At a recent meeting, Milford City Manager Mark Whitfield informed council that DelDOT had agreed to review sections of Route 113 in Milford. The city had requested the review due to growth in the area as well as conflicting speed limits in some sections of the highway.
“We agree that we need to collectively do everything we can to provide a safe and efficient transportation system for our residents and visitors,” a letter, signed by Nicole Majeski, Secretary of Transportation, read. “The Department will begin reviewing the previously proposed alignments and update them based on the development and growth that has occurred since 2007 to see which are still feasible.”
The letter explained that the General Assembly passed language in the 2007 Bond Bill that prohibited DelDOT from proceeding with an improvements project they proposed for Milford and Lincoln. The legislators urged DelDOT at the time to achieve local consensus for an acceptable alignment corridor in the area, taking into account legitimate concerns raised by the community at the time as well as to meet the needs of DelDOT to manage traffic flow.
“The language further stated that the Department was to report back on the progress of this corridor to the Governor and members of the General Assembly no later than January 31, 2008,” the letter continued. “After further analysis and consultation with local leaders, [then] Secretary Wicks informed the General Assembly on January 23, 2008, that “there is no community consensus for a compromise alternative. Therefore, DelDOT will not be containing the US 113 North/South Study in the Milford/Lincoln area.””
In 2007, DelDOT announced plans to construct a bypass east of Milford that would connect Route 1 to Route 113, a plan that would have divided the town of Lincoln in half. Community members reacted quickly, holding meetings to oppose the changes to the roads in the area. One of the most outspoken citizens was current Senator Dave Wilson whose family home would have been taken as part of the process.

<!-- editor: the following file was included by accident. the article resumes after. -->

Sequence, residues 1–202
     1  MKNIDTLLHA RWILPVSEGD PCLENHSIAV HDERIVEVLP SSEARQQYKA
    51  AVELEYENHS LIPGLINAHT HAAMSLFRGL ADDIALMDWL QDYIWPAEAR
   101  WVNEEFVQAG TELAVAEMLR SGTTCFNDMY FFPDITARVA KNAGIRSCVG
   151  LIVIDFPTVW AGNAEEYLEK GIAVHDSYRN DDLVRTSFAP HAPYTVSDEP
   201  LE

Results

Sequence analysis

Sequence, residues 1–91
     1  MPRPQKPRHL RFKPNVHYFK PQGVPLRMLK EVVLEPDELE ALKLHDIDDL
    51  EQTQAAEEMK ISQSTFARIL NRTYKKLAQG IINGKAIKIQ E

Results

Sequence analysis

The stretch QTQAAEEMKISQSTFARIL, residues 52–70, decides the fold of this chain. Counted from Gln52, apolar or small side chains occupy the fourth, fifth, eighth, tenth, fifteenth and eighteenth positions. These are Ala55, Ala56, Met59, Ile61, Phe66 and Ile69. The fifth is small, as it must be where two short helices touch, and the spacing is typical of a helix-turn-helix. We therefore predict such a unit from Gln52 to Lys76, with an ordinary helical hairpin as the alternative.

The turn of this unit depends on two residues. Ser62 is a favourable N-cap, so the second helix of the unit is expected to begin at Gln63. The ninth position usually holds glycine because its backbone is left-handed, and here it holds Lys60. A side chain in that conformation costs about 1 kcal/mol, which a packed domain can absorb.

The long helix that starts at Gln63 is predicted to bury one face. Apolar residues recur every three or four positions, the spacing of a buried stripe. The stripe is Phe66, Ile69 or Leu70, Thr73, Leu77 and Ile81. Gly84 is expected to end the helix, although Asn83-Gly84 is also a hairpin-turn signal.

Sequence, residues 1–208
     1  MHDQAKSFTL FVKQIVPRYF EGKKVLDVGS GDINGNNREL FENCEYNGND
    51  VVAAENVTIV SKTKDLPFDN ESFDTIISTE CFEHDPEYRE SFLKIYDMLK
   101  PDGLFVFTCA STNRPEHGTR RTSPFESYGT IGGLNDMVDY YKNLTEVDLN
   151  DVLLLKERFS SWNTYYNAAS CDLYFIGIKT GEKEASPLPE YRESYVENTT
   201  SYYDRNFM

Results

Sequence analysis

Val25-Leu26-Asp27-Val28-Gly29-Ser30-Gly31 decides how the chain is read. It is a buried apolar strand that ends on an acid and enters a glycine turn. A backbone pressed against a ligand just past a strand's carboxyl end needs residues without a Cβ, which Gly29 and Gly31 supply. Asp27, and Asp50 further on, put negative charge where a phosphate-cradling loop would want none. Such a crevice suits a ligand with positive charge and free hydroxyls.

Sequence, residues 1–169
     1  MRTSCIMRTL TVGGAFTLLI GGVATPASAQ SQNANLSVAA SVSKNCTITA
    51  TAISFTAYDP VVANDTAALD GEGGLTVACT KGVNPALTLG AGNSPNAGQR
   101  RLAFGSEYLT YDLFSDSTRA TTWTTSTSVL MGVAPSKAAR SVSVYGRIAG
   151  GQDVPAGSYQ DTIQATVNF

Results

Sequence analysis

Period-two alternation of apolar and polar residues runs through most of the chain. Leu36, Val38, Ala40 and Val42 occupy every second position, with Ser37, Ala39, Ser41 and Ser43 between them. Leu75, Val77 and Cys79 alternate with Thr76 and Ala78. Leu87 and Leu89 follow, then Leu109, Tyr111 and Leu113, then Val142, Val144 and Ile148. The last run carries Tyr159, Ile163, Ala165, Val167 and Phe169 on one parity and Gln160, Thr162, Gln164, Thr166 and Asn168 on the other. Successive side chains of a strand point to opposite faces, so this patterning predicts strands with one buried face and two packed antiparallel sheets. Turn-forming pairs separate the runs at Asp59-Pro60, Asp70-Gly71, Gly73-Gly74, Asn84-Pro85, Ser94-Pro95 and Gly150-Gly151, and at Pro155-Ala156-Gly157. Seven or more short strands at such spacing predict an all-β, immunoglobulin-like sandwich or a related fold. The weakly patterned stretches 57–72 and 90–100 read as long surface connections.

“I’m not concerned about my home,” Wilson said at the time. “I’m concerned about a community being divided for a highway that is not going to be adequate.”
Residents fought against the proposal as did many other communities along Route 113 where DelDOT proposed massive changes. As a result, the General Assembly stepped in, issuing their order that the Route 113 corridor remain untouched unless DelDOT could create a plan that would also benefit residents in the area.
The letter from Majesky indicates that DelDOT is willing to return to the drawing board and see where they can make changes to improve safety along Route 113, including a review of speed limits in the area. In some sections of Milford, the speed on the southbound lanes is different than the northbound lanes, making it confusing for drivers.
There was no information provided regarding when the review would begin.
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